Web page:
Thursday, April 01, 2010
Rounding The Horn
On April 14, 1916 six men climbed into a 22 1/2 ft long whaler named the James Caird and set out for South Georgia Island. South Georgia lay 800 miles or so to the northeast, in the middle of the South Atlantic Ocean.
After being stranded on Elephant Island off the Antarctic coast for months, Ernest Shackleton, Tom Crean, Frank Worsley, Harry McNish, Tim McCarthy, and John Vincent decided (well, Shackleton decided) that the voyage must be attempted if the lives of the entire crew of the wrecked Endurance were to be saved.
Shackleton chose Crean because he was a rock, Worsley because he was a navigational wizard, McNish (ship's carpenter) because the Caird may have needed repair during the voyage, McCarthy and Vincent because they were the most able sailors. (Shackleton despised McNish because of repeated insubordination during the first part of the attempted Trans-Antarctic Expedition, and additional acts of near-mutiny during the months on Elephant Island. But Shackleton knew that McNish's skills may have been needed, and so he included the mouthy Scot.)
In studying the expedition, watching the above NOVA (which is excellent), and in reading Shackleton's book SOUTH! it became clear to me that among the greatest hardships faced by the crew of Endurance was the boat trip. The voyage from Elephant Island to South Georgia. It was an act of complete desperation. The odds of those 6 guys finding their way through 800 miles of open ocean were slim at best. Shackleton spared no praise for Worsley's navigation skills, such as using a sextant in 50 ft. rolling seas. If Worsley's calculations had been off by so much as a degree, they'd have blown right by South Georgia, and been lost for good.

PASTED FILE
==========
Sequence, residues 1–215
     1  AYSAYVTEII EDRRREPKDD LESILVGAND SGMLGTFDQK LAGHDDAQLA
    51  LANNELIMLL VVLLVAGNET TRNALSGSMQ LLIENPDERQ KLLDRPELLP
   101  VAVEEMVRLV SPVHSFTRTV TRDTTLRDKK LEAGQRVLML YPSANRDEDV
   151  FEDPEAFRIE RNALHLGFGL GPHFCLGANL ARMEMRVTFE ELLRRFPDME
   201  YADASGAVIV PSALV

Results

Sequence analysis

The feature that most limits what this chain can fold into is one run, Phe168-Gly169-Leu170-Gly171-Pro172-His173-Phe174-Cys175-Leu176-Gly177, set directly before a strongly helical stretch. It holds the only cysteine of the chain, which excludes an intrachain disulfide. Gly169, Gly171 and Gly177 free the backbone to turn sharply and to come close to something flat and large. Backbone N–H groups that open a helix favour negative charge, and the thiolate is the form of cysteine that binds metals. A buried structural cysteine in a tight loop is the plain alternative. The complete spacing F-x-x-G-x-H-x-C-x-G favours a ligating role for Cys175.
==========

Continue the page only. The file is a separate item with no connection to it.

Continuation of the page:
If you notice on that map, the trip from Elephant Island to the tip of South America would have been shorter, and much more likely to have resulted in landfall of some sort. Either the Falkland Islands or Deception Island would have seemed more likely choices for Shackleton, but Sir Ernest knew that he'd have been sailing into the prevailing westerly winds that whip through the Drake Passage and around the southern tip of South America.
Sailors have long celebrated "Rounding The Horn" as it is seen as the "Mt. Everest of sailing." When approaching from the west, sailors must first take it far south of course, and that means cold. It also means stormy seas.
What lies ahead, and what confronted Shackleton, Crean, Worsley, McNish, McCarthy and Vincent is the vast Southern Atlantic Ocean, which can be notoriously rugged depending on the time of year. Winter is the worst.
Back in January, Abby Sunderland set off from California aboard the 40 foot yacht Wild Eyes and headed south. After some mechanical difficulties halted her progress, she got back underway last month.
Now, Abby has the benefit of modern GPS technology, and as opposed to the 22 1/2 foot James Caird the Wild Eyes is about as nice as it gets when it comes to open ocean yachting. She's got a little kitchen, and a bed, and wireless internet so she can keep me updated on her progress (well, me and about 37,000 other people.)
It's worth noting however, that Abby is 16 years old, and she is attempting to become the youngest person to ever sail around the world solo.
The reason I'm boring you with all of this shit is that according to her blog, yesterday, March 31, 2010 Abby Rounded the Horn.